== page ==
Post-workout Snacks for Teens and Tweens
Post-workout snacks for teens are important to help them recover from their sport and provide the energy they need to keep going until the next meal.
Whether your adolescent plays soccer, runs track, or dances, they will benefit from having a snack after their activity. Teens who are focused on their fitness and health goals may be doing so because they are on a sports team or are training for something important so supporting them through food is key.
Why Have a Post-Workout Snack?
Having a snack soon after exercise will help promote muscle recovery and restore hydration levels. This might also help athletes feel their best and optimize their energy for the rest of their day, as well as their next practice, game, or event. A planned snack can also cut down on the “pantry grazing” that might otherwise occur.
When to Have Your Snack
In the past, research has suggested it’s ideal to eat within 30 to 45 minutes after a workout. However, more recent research suggests this window is longer. Still, it’s wise to eat a snack soon after practice so you don’t get over-hungry later.
An individual’s hunger level after a workout will depend on a variety of factors, including the intensity and duration of their exercise, what and when they ate before their activity, and their age and size.
What to Look for in a Post-Workout Snack?
The 3 key parts of a post-workout snack include:
- Fruit or veggie
Carbohydrates are your body’s main source of fuel and are extra important for athletes.
After a workout, carbs are needed to help replenish depleted glycogen in the muscles. Glycogen is the way our bodies store carbohydrates. It provides our muscles with the energy they need to move, so making sure that they are refueled and ready to go again is vital!
Here are some examples of foods that are rich in carbohydrates: bread, cereal, pasta, crackers, pretzels, granola bars, fruit, potatoes, corn, yogurt, milk, and legumes.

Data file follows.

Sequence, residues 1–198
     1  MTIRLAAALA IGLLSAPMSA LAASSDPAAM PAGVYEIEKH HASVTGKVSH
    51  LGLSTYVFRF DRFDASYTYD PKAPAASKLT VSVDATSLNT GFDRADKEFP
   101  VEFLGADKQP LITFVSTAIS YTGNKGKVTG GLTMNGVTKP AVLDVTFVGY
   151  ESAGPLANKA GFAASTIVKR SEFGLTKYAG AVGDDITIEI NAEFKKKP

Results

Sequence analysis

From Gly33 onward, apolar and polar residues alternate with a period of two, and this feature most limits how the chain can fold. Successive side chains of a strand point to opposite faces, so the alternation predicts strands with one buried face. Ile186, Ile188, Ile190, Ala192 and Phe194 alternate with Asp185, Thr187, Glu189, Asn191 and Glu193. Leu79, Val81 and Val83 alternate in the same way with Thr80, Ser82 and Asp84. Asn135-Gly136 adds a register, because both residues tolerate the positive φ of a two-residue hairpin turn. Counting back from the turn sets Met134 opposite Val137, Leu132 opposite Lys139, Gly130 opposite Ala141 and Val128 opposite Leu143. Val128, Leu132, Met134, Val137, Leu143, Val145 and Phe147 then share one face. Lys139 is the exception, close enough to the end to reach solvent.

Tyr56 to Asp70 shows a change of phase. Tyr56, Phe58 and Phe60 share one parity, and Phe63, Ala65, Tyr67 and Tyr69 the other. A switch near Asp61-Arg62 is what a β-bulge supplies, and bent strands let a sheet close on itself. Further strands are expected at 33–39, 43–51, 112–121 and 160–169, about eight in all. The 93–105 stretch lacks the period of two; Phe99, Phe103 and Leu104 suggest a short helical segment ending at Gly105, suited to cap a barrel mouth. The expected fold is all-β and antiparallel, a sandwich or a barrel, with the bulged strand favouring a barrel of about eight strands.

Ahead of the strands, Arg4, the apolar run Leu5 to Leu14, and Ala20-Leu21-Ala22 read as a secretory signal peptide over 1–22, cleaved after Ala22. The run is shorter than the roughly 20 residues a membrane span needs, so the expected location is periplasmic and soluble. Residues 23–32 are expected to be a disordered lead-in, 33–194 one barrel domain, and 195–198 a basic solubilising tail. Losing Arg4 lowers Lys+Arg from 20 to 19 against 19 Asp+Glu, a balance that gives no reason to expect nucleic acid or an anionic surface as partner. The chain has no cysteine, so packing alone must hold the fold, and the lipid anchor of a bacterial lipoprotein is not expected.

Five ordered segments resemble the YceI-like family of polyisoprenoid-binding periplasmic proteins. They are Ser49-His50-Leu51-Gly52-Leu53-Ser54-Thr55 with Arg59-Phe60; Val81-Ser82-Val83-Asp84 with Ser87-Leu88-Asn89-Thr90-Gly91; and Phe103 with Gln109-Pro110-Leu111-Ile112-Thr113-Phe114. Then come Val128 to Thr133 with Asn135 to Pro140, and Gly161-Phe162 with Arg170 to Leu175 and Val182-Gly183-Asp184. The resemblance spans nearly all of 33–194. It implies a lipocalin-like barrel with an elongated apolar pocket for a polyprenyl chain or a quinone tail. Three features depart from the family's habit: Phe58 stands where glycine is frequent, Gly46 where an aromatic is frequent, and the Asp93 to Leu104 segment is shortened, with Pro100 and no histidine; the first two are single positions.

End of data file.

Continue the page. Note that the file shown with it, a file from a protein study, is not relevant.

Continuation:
To maximize muscle recovery, choose a snack that provides protein. The protein will help repair and rebuild damaged muscle fibers, which is especially important after a hard workout. Moreover, growing adolescents need adequate protein available for overall body growth.
Some examples of foods that are rich in protein: dairy milk, soy milk, Greek or Skyr yogurt, kefir, cheese, fish, poultry, pork, beef, eggs, tofu, edamame, nut butter, seed butter, chia seeds, hemp seeds, and beans.
Hydration is important. In general, water will suffice. Studies suggest that electrolyte replacement drinks or “sports drinks” are only needed when the exercise is intense and lasts longer than 60 minutes.
Note that other foods, such as milk, smoothies, and “watery” foods such as watermelon and soup, will also count towards hydration goals.
Ideally, athletes should drink water not only after their workout but before and during their workout too.
FRUIT or VEGGIE
Add a fruit or veggie when possible. This will help provide vitamins that are needed for repair and recovery. Plus fruits and veggies tend to be filled with water and will help with hydration.
How Much Should I Eat?
Portion sizes are so individual. Rather than following a guideline, practice intuitive eating and listen to your body. Choose a snack that you enjoy and then eat until satisfied; trust your body to know when you have had enough. If you are interested in more personal advice, seek out a Registered Dietitian who specializes in intuitive eating and has expertise with sports nutrition.